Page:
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The Global Blue Deal
The urgent need for innovative and sustainable fishing solutions has led to the emergence of the ‘Global Blue Deal‘. UNCTAD has developed this concept based on recommendations from UN Oceans Forums and Conferences.
The deal focuses on investing in emerging sustainable sectors that could benefit developing countries, with particular attention on the seaweed farming industry, which has seen its market value triple over the last two decades.
“The ocean economy offers many opportunities. We must strike the right balance between benefitting from the ocean and protecting its resources.”, UNCTAD Deputy Secretary-General, Pedro Manuel Moreno
In addition, the Blue Deal urges action on harmful subsidies that lead to overfishing. This includes urgently ratifying the World Trade Organisation’s Agreement on Fisheries Subsidies. The goal is to end the support of illegal, unreported, and unregulated fishing.
Jumping off the ‘Blue Deal’ recommendation for the current lack of tools to responsibly meet global demands, precision fishing offers a promising path.
Precision fishing involves using specialised tools to monitor fish stocks in near real-time, catch the right fish, and intervene appropriately to protect fish stocks and marine ecosystems. This has been championed by SafetyNet Technologies.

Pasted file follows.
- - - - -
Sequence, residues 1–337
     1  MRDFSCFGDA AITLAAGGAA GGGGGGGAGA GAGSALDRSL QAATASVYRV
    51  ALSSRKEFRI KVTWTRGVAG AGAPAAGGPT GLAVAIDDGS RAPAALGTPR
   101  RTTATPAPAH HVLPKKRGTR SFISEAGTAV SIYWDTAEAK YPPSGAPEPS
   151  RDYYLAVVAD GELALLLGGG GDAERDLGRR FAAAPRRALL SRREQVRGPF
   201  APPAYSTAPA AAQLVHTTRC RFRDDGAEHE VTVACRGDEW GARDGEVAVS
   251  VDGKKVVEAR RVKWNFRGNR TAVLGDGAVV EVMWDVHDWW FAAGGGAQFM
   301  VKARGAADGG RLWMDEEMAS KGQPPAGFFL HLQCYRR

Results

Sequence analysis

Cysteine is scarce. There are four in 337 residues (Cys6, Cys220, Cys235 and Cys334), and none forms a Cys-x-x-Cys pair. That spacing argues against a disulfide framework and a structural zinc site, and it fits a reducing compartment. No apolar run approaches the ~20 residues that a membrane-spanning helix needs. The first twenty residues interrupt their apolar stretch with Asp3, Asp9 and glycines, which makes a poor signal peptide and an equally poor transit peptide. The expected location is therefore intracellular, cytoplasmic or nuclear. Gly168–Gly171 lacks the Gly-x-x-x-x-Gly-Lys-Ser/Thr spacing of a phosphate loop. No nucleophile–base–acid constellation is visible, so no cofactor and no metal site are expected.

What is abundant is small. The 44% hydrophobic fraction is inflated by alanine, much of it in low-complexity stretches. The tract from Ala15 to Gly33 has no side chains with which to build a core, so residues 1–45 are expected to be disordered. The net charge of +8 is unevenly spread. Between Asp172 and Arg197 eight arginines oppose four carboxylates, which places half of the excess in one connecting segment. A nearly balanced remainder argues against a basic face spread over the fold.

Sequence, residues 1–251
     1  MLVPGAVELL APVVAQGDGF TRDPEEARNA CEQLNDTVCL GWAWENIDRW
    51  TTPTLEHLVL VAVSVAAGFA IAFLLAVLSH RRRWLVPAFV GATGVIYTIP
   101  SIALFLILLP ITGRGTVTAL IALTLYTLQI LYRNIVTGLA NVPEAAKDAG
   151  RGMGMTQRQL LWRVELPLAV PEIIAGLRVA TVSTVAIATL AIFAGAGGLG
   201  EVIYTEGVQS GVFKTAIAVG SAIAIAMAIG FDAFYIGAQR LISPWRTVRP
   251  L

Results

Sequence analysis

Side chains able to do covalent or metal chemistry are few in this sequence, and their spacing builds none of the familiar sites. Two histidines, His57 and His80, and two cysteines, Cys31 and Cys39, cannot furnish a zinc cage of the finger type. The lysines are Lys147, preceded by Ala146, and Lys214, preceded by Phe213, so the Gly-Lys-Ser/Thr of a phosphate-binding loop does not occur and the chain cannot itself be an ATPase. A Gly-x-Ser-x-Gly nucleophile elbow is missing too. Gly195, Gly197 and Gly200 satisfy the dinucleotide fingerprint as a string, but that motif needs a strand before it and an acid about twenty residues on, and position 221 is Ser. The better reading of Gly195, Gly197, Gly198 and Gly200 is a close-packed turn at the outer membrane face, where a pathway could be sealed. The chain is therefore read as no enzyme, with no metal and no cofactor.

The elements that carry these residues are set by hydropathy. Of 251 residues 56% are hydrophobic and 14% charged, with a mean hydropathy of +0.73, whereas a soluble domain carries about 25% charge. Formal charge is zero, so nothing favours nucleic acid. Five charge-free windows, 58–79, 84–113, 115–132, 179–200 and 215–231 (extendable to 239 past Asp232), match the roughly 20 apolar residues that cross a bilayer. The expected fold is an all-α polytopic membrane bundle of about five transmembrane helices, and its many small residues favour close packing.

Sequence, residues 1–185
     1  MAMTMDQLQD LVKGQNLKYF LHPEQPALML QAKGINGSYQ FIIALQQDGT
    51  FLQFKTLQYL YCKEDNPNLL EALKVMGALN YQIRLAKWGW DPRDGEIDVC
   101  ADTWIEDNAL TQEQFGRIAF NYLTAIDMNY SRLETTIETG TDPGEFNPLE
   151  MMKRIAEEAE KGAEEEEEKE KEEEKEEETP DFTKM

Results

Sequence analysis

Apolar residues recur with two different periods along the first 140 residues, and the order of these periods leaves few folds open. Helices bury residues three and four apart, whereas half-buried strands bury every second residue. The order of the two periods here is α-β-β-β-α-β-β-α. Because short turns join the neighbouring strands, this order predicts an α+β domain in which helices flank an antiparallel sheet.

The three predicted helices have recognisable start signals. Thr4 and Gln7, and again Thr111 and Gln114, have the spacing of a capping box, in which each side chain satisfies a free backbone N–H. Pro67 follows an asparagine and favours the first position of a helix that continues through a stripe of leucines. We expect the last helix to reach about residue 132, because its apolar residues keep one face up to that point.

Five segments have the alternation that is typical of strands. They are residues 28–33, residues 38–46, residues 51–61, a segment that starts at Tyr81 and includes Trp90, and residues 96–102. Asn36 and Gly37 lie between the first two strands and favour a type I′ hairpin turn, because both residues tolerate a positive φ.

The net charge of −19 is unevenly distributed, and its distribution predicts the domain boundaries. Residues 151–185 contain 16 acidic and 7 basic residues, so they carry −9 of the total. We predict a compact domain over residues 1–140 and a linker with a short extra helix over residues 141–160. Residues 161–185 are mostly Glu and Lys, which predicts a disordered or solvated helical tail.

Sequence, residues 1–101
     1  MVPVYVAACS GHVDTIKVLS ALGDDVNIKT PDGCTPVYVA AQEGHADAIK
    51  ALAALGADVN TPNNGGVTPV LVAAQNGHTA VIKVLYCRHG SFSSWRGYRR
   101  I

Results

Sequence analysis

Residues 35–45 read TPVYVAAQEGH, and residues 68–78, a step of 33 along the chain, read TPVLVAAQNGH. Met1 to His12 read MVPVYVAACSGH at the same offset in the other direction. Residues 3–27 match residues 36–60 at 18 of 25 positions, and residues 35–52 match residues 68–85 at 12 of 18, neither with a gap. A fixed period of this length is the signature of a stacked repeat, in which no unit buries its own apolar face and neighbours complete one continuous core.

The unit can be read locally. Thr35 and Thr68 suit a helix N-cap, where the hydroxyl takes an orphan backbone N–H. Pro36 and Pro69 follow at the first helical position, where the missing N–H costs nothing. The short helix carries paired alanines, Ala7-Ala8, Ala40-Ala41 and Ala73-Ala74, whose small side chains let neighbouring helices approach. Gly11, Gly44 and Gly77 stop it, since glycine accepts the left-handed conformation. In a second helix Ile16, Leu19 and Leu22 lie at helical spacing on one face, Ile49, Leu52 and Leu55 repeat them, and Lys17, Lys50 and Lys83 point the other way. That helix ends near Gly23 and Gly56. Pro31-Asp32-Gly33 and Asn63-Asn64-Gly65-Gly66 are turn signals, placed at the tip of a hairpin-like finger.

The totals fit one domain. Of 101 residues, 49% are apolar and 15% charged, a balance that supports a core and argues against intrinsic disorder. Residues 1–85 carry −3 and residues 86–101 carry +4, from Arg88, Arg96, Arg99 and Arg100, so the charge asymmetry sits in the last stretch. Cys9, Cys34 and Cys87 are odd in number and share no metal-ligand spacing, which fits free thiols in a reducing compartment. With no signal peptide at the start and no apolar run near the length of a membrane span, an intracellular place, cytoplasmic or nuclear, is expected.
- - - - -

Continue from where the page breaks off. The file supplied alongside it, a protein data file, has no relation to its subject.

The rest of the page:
“Our goal is to help create a world where the ocean and humans can thrive together.” Quote from SafetyNet Technologies website.
This is a two-fold advantage system. It allows fishers to fulfill the demand for fish while preserving the ocean’s resources.
Fishing, Humans, and the Oceans Coming Together
While it would be optimal for everyone to adopt a vegan lifestyle and prioritise the well-being of fish over our desire for them, it is not a practical reality. Only a small fraction of the population, approximately 230 million, follows a vegan diet.
Furthermore, limited access to alternative protein sources means many rely on fish as a dietary staple.
Given the current situation, embracing and mainstreaming sustainable fishing practices is the solution. These practices have been around for centuries. However, modern consumers have become accustomed to a consistent fish supply year-round.
By supporting companies and supermarkets prioritising sustainable fish sourcing, we can safeguard the oceans and the communities that depend on them. This will hopefully create a foundation for a future where sustainable fishing practices thrive.
Editor’s Note: The opinions expressed here by the authors are their own, not those of Impakter.com. — In the Featured Photo: CatchCam recording fish escape trawler net through square mesh panel. Featured Photo Credit: SafetyNet